Like many other pediatric neurodegenerative disorders, very little was known initially about how the brain was affected in the NCLs. Starting at UCSF and continuing when the lab moved to Stanford, Jon began systematically analyzing the first available mouse models of NCL and identified the neuron populations that are most vulnerable. After returning to the UK for a faculty appointment at the Institute of Psychiatry, King’s College London, he established the Pediatric Storage Disorders lab (PSDL). Time in London also saw the family grow, with the addition of Samuel and Joseph in the early 2000s, and Alison’s career in social pediatrics also flourished. In addition to his research, Jon became increasingly committed to student welfare, and eventually ran a Graduate Program for several hundred students across three campuses.
Meanwhile, the PSDL became the leading international center for studying the neuropathology of the NCLs and other related lysosomal disorders. The lab has identified most of the key features of these disorders, in both mouse and larger animal models, comparing these findings to human autopsy samples. This has not only given us a much greater understanding of these diseases, but also provided landmarks for judging the efficacy of a range of different experimental therapies, including enzyme replacement, gene therapy, neural stem cell grafts and a variety of small molecule drugs. This pre-clinical work has resulted in several clinical trials, and cumulated in the recent FDA approval of enzyme replacement with Brineura as a treatment for CLN2 disease, the same form of NCL that Natalie Aurelio had.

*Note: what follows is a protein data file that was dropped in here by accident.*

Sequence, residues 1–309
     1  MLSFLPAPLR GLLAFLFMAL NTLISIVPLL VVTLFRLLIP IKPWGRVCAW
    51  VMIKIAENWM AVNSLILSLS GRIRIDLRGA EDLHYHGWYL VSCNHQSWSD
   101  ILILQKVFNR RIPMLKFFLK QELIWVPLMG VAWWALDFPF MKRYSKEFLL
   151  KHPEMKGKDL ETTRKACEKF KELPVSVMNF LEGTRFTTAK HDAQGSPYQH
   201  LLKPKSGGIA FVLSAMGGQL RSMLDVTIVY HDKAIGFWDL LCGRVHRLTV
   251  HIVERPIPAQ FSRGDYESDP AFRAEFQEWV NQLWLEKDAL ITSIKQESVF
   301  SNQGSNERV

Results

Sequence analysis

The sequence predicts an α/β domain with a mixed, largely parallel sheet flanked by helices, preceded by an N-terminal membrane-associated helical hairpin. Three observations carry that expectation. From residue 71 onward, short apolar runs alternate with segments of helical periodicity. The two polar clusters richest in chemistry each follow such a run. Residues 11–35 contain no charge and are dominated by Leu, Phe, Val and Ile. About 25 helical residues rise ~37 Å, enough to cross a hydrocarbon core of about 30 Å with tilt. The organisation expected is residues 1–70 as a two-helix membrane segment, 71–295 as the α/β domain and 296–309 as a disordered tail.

In the summer of 2016 Jon returned to California to take up a new position at Los Angeles Biomedical Research Institute at Harbor-UCLA Medical Center. Surprisingly, this wasn’t entirely due to the chaos that is Brexit, or the lure of the Torrance microbrewing revolution. Instead the motivation to move was the chance to build a group of investigators, devoted to better understanding and devising therapies for lysosomal storage disorders. Working closely together with Patricia Dickson, has increasingly seen the application of principles learnt from the NCLs to different forms of mucopolysaccharidoses (MPS).
The opportunity to bring this work to Wash U, where there is already great expertise in these disorders, is a very exciting one. Jon has worked closely with Mark Sands (Medicine) for over 20 years, and already knows something of the great potential for collaboration on campus, and he has enjoyed his welcome in the department. The family made their move to St Louis an adventure, with a 10-day road trip taking in the wonders of the Valley of Fire, Monument Valley, and Mesa Verde, the Woody Guthrie Center and selected parts of Route 66 (see pictures taken by Jon). They are now settling into their new home, and life in St Louis, despite further ‘adventures’ with bats.